We cannot be Christians without following Christ. If we do not know the truth about Jesus’ divinity, we cannot answer for ourselves the all-important question Jesus asked: “Who do you say that I am?” (Matt. 16:15). It is no coincidence that the enemy attacks the Trinity doctrine and the divinity of Christ specifically. The question of who is worthy of worship is central to the great controversy.

3. The Holy Spirit’s identity is essential to our faith and practice.

The Holy Spirit’s identity is inseparable from the Spirit’s crucial role in the plan of salvation. Jesus promised that He and the Father would send the Holy Spirit as another “Helper” or advocate in Christ’s place (John 14:16, 17; 15:26). But the Holy Spirit could be another advocate like Christ only if He is also fully divine.

Further, we do not know how to pray as we ought, but the Holy Spirit “makes intercession for us with groanings which cannot be uttered” (Rom. 8:26). Only one who is God could intercede for us in this way. And the Holy Spirit inspired Scripture, without which we would know very little about God. But who could know the things of God except the Spirit of God (1 Cor. 2:11)? In these and many other ways the Holy Spirit’s identity is essential to our connection to God.3

4. The plan of salvation could not make sense apart from the Trinity.

Only One who is both God and human could reconcile God and humans. And if Christ is not God, the crucifixion was merely a human sacrifice—akin to pagan child sacrifice. Rather than providing the ultimate display of God’s love and justice (Rom. 3:25, 26; 5:8), the cross would display only the worst kind of injustice. But Christ is God, and thus God (in Christ) chose to give Himself for us (see John 10:18; Gal. 2:2). God “has not required human sacrifice; he has himself become the human sacrifice.”4 In this and other ways the very the story of redemption—the way God saves us in the great controversy—makes sense only if God is Father, Son, and Spirit.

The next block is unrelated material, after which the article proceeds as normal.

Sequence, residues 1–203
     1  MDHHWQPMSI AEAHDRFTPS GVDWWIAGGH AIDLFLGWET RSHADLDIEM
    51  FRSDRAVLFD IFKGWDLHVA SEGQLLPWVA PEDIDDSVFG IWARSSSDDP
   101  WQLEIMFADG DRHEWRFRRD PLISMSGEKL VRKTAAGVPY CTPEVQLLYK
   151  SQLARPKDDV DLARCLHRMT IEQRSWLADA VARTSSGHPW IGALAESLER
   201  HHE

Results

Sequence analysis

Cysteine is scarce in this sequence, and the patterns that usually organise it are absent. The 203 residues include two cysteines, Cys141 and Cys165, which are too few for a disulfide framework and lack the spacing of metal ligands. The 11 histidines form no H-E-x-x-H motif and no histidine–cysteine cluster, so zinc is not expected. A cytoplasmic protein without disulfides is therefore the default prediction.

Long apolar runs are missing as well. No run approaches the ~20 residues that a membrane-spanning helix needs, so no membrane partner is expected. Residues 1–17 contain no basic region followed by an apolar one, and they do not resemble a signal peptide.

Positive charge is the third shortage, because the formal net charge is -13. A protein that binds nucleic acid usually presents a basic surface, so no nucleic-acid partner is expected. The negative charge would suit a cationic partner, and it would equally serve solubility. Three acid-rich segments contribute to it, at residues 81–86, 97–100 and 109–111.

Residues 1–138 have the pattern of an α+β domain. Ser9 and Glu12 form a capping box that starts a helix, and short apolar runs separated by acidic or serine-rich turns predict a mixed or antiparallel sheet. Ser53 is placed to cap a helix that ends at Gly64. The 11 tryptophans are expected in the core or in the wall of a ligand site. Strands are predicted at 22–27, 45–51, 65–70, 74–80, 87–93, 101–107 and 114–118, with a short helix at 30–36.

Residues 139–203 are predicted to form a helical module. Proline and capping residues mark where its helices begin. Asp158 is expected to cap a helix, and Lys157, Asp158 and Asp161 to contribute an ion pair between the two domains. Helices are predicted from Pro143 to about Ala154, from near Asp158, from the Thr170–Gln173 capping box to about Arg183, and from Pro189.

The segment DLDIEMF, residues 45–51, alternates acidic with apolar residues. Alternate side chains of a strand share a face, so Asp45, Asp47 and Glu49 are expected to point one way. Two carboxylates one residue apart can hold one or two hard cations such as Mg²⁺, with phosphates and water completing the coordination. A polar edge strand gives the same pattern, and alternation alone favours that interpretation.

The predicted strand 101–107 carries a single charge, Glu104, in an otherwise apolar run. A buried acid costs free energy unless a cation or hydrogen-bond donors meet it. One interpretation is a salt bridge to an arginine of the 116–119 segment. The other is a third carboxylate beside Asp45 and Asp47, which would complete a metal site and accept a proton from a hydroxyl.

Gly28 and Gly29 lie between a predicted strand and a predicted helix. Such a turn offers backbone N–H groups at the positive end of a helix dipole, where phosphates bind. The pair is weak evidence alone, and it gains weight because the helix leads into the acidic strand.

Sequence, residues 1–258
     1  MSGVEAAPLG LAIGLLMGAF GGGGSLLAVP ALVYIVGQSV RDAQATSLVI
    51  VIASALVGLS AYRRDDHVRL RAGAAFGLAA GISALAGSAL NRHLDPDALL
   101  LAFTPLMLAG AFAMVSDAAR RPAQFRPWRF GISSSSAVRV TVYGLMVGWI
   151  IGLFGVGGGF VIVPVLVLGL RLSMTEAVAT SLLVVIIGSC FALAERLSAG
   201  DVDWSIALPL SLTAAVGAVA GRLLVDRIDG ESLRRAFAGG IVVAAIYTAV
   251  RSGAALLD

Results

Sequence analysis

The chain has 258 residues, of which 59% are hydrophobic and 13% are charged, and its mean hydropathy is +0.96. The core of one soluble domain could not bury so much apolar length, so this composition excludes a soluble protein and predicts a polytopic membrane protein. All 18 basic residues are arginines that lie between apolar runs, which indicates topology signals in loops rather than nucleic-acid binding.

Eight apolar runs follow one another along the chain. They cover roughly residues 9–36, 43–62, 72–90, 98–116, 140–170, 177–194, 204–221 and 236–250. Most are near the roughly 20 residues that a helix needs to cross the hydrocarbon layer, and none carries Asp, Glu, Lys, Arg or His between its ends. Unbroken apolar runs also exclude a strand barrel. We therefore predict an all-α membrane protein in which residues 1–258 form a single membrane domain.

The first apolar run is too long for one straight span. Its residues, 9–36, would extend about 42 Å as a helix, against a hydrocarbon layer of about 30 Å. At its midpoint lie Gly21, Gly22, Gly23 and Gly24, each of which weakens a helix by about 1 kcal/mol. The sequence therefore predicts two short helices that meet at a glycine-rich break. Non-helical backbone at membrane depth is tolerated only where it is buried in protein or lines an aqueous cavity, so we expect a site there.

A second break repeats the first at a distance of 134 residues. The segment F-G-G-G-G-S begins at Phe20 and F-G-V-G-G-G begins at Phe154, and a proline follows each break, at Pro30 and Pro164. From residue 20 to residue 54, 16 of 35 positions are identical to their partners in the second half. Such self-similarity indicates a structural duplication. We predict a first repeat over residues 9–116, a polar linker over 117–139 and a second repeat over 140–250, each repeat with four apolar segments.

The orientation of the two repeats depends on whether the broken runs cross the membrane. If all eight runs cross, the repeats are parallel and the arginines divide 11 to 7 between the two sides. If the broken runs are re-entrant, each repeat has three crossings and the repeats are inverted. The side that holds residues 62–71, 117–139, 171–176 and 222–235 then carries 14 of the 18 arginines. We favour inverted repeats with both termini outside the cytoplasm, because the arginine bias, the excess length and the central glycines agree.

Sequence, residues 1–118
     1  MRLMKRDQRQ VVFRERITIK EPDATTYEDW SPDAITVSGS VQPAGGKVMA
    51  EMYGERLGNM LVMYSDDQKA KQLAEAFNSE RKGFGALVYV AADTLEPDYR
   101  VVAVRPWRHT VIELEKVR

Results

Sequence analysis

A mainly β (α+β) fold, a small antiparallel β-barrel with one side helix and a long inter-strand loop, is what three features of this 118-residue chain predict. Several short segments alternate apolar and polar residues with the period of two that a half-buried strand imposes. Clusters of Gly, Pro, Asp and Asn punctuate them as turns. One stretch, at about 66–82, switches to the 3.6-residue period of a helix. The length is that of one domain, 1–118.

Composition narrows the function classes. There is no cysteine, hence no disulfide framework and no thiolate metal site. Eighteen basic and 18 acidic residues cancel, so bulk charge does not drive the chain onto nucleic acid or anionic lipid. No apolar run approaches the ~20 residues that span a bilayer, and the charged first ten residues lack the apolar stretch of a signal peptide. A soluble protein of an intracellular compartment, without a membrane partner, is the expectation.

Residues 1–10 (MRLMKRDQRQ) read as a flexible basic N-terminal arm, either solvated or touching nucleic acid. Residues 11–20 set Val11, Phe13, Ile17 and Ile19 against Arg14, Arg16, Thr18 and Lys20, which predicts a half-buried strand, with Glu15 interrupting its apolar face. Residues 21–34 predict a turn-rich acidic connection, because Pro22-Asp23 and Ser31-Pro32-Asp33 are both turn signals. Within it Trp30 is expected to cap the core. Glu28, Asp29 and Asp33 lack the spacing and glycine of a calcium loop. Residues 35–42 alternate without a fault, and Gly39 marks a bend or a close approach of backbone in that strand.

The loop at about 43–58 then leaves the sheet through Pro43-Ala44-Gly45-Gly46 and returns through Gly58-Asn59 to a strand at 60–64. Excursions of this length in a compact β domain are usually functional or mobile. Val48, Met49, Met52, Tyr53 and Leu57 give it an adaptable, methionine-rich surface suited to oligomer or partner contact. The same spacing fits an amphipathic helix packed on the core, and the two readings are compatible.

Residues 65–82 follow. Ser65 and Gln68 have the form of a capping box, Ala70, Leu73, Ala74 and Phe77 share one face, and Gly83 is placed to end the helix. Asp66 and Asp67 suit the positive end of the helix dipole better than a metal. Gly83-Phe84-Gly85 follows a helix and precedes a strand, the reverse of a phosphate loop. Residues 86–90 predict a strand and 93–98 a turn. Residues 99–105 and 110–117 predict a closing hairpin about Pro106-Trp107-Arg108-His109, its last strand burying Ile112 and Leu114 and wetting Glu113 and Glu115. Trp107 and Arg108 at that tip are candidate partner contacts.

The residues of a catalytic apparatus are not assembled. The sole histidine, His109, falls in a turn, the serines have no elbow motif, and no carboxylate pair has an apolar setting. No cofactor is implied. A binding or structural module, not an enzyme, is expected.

5. God is love.

“God demonstrates His own love toward us, in that while we were still sinners, Christ died for us” (Rom. 5:8). But Christ’s giving His life for us could provide the ultimate demonstration of God’s love only if Christ is God. And, Paul wrote, “the love of God has been poured out in our hearts by the Holy Spirit” (verse 5). But the Holy Spirit could pour God’s love into our hearts only if He is God. In this and other ways (see, e.g., John 10:18), love itself is grounded in the Trinity of Father, Son, and Holy Spirit.

6. The Trinity makes sense of how God could freely create the world.